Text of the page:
How I Read It: Print/ Audibook
Dates Read: 8/15/20-8/27/20
How I Found It: Goodreads
Okay, so I was genuinely upset when I first started reading this book because I didn’t want to humanize such a monster as President Snow. But as I kept reading, it took all I could do to get through the whiny ramblings of the 18-year-old Coriolanus Snow. I personally don’t think that this book was as good as the trilogy and here’s why:
We flash back to the 10th annual Hunger Games. In an effort to make the Hunger Games more of a spectacle, the Capital is making a group of seniors as the mentors. Corialanus was chosen to be the mentor for District 12’s female tribute, Lucy Gray Baird. Lucy Gray was the most well-liked tribute for the year, mainly due to her ability to sing. This year is also the first year where Capitals can bet and send gifts to the tributes, two aspects of the Games that will continue for all Games to come. So Coriolanus does everything he can to get Lucy Gray in front of a spotlight in order for her to get a lot of sponsors.
Here’s the thing about Coriolanus, his family is broke. While he had standing before the war, most of their money was in District 13, which means that he is now the only male heir and the only person who can try and salvage his life into something worthy in the Capital. The mentor to the winner of the Games gets a scholarship to University, so Coriolanus is pushing for Lucy Gray to win. And at some point he claims to “fall in love” or whatever dumb bs he says, but really he is just a horny 18-year-old who has power over this girl and therefore thinks that since she is dependent on him to succeed, he has ownership of her (can you tell I don’t like him?).
While all this is going on, Coriolanus is in a special class where he gets to work alongside the Head Gamemaker (sorta). He spent a lot of time with her, learning about the Games and making suggestions along the way, and this puts him in a position where he knows too much about how the Games work, thereby giving him the power to cheat. Oh, there is a guy, Sejanus, who grew up in the Districts, but became the heir to an ammunitions dynasty after the war. He thinks the Games are stupid, especially when one of his childhood friends is reaped as a tribute. And Coriolanus ends up having to clean up Sejanus’ messes, including when he sneaks into the Games, Coriolanus finds himself dealing with a lot more than he could bargain for.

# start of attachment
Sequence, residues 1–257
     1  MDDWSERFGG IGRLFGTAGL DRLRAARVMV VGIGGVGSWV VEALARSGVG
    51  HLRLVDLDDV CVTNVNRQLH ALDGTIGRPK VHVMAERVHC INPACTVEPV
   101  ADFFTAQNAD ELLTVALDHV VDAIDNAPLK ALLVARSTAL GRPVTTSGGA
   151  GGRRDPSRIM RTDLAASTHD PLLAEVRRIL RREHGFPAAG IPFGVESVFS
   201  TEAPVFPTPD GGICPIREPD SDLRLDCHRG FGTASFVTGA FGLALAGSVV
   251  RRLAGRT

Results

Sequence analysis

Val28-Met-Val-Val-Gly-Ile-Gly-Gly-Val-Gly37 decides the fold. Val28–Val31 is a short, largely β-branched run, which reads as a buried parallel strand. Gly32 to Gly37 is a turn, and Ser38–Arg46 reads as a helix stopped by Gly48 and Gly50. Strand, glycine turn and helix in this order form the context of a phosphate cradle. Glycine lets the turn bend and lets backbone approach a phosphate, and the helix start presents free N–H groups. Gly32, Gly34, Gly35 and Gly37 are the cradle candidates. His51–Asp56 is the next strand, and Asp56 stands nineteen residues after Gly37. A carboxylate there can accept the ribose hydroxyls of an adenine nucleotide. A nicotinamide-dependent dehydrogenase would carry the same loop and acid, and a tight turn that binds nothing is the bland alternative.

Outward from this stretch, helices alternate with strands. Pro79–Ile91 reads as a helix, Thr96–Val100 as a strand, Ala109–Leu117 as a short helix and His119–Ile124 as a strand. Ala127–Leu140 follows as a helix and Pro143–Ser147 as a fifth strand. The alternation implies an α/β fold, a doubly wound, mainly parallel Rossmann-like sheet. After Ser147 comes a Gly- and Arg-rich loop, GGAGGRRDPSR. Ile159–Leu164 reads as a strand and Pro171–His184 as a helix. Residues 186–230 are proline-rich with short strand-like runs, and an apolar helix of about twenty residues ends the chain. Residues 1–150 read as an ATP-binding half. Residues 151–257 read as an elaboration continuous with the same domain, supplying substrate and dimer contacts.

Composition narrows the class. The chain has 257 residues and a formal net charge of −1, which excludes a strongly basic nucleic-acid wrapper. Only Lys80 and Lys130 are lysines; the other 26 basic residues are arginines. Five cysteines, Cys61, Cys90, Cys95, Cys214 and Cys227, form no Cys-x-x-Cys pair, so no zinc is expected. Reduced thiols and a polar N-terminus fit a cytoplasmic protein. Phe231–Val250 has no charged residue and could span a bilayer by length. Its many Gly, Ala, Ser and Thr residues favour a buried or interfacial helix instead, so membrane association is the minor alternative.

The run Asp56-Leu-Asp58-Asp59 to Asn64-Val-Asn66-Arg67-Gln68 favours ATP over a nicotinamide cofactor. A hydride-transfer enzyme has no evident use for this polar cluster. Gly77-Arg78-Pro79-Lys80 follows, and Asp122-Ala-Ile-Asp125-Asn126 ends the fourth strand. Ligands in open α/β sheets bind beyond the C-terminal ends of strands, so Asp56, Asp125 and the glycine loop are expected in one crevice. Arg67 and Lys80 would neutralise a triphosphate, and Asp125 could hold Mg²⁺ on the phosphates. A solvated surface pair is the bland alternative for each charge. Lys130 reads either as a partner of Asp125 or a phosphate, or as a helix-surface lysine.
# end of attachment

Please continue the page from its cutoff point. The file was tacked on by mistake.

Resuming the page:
In comparison to the series, I think that this book is the worst one. I personally don’t think that we needed another Hunger Games novel, and the prequel didn’t do much for the series as a whole. And while I am being really negative, I also think that the writing for this book was incredible. I understand why she wrote this book, but I personally was not a huge fan. I would, however, love a history of the Games book, where she described each of the Games as the victor for each, I think that would be really cool. But she made Coriolanus so unlikable in the trilogy that I couldn’t even try to get into this book.
If you guys have any thoughts or ideas, feel free to leave a comment, find me on the social medias at @elizabooksblog, or email me at firstname.lastname@example.org. And as always, I’ll see you all in the next book!